Four quick questions with Gerald Yung, the new principal of the Dr. Martin Luther King Jr. School:

yungWhat attracted you to Cambridge? What made you want to work here?

My family moved to Cambridge when I was in the 10th grade from Florida.  I love the diversity in Cambridge, and the multicultural celebrations.  Cambridge offers so many great museums, restaurants, coffee shops, and a big city energy with a small town familiarity.  I wanted to work at the Dr. Martin Luther King, Jr. School because of it’s diverse population, and the teaching and learning opportunities that arise from this strong, personalized, small, close-knit learning community, and the tremendous enthusiasm and knowledge from teachers, students, and parents around the school’s mission. 

 

What are some of the things that make you excited about leading the King School?

I am particularly excited about the school’s Chinese Mandarin Language Program, the Literacy Collaborate, and Expanded Learning Time.  I believe that these programs offer students a great opportunity to become leaders in an increasingly globalized world, achieve above grade level reading and writing skills, and to have more time for learning, especially project-based learning and portfolios.  I am excited about joining passionate educators and parents in continuing to make the school a place where learning, creativity, and research-based risk taking are fostered.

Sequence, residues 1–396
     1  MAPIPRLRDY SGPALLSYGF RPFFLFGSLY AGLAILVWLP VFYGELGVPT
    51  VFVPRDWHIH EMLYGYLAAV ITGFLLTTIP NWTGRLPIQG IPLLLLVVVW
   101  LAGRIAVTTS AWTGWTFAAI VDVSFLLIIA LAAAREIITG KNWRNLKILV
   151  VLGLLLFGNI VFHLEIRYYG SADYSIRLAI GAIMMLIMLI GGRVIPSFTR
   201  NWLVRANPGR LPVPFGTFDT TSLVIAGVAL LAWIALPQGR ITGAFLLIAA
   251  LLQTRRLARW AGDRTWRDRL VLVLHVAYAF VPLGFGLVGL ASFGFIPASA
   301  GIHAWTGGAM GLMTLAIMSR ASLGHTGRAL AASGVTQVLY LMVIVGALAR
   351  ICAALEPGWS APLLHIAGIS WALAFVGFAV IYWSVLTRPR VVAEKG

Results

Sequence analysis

Tell us a little more about you and who you are. Married? Kids? What do you like to do when you’re not at work? What do you like to do for fun?

I’m married to my college sweetheart.  We also have a son, named Luke Gabriel, who is one month old.  He’s a handful of joy; he makes the most unusual cooing sounds and has ahead full of big curly locks.  I enjoy playing basketball on the weekends, and I love watching professional sports.  Even though I grew up in Florida, I had a Larry Bird and Roger Clemens posters on my bedroom wall.  When I have the time, I try to take walks in state parks.

 

When you were a child, what did you want to be when you grew up? Did you always want to be an educator? What made you choose education as your profession?

As a child, I always wanted to be a pediatrician.  Our pediatrician was super friendly and he had a great office complete with salt-water fish, children books, and whimsical, comfortable furniture.  My senior year at college, I volunteered in a school in Atlanta, Georgia, and I felt an immediate connection at being able to help students develop and try to fulfill their dreams.  I’ve carried this with me as a teacher and principal; the mission of helping children keep their dreams alive, learn the skills, habits, and character necessary to do so, and develop supportive relationships.

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